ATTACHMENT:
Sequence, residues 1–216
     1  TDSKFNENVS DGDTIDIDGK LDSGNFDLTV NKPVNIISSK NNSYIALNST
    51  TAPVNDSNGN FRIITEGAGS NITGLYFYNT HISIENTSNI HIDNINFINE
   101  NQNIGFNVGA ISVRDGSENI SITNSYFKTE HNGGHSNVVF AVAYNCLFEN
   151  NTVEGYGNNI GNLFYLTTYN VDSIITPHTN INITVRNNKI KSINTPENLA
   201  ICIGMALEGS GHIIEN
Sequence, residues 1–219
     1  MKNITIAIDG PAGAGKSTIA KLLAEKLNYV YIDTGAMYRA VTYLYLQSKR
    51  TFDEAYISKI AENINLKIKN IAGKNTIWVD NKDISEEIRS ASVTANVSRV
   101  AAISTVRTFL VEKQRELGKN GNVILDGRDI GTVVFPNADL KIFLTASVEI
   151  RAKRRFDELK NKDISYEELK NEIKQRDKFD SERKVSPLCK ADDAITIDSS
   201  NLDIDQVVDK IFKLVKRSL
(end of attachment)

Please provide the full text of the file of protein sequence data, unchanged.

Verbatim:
Sequence, residues 1–216
     1  TDSKFNENVS DGDTIDIDGK LDSGNFDLTV NKPVNIISSK NNSYIALNST
    51  TAPVNDSNGN FRIITEGAGS NITGLYFYNT HISIENTSNI HIDNINFINE
   101  NQNIGFNVGA ISVRDGSENI SITNSYFKTE HNGGHSNVVF AVAYNCLFEN
   151  NTVEGYGNNI GNLFYLTTYN VDSIITPHTN INITVRNNKI KSINTPENLA
   201  ICIGMALEGS GHIIEN
Sequence, residues 1–219
     1  MKNITIAIDG PAGAGKSTIA KLLAEKLNYV YIDTGAMYRA VTYLYLQSKR
    51  TFDEAYISKI AENINLKIKN IAGKNTIWVD NKDISEEIRS ASVTANVSRV
   101  AAISTVRTFL VEKQRELGKN GNVILDGRDI GTVVFPNADL KIFLTASVEI
   151  RAKRRFDELK NKDISYEELK NEIKQRDKFD SERKVSPLCK ADDAITIDSS
   201  NLDIDQVVDK IFKLVKRSL